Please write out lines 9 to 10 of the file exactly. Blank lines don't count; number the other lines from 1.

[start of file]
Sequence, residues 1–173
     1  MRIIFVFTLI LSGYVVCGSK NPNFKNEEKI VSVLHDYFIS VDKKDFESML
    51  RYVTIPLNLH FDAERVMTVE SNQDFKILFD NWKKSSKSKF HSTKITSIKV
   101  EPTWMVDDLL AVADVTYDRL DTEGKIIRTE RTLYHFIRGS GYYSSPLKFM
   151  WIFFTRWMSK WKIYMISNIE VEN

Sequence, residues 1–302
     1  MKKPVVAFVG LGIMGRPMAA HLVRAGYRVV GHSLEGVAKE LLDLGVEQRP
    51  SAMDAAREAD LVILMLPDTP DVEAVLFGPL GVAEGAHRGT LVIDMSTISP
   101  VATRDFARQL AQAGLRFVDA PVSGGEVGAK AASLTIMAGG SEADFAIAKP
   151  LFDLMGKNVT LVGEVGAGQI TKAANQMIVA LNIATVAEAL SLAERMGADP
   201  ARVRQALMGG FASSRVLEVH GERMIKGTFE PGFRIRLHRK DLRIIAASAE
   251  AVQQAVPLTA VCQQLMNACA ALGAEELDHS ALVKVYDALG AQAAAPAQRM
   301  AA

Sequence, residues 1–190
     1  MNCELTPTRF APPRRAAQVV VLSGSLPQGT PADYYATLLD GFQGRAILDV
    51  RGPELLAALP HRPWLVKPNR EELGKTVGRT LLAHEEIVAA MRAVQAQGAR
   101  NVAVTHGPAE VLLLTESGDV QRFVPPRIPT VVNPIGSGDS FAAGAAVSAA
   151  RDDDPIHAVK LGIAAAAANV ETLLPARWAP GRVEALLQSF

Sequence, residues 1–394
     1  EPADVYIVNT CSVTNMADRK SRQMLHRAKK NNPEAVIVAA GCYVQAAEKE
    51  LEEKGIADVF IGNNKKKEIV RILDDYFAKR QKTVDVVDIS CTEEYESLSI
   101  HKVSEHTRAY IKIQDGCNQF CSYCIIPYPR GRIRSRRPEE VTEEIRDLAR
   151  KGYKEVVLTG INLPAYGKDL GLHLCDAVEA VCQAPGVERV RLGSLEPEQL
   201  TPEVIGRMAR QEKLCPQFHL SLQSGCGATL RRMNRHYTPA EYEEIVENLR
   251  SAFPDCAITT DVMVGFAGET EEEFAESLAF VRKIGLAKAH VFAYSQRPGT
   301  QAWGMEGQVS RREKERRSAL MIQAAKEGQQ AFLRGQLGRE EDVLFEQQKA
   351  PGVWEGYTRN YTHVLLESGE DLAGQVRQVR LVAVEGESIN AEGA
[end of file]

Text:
   101  VATRDFARQL AQAGLRFVDA PVSGGEVGAK AASLTIMAGG SEADFAIAKP
   151  LFDLMGKNVT LVGEVGAGQI TKAANQMIVA LNIATVAEAL SLAERMGADP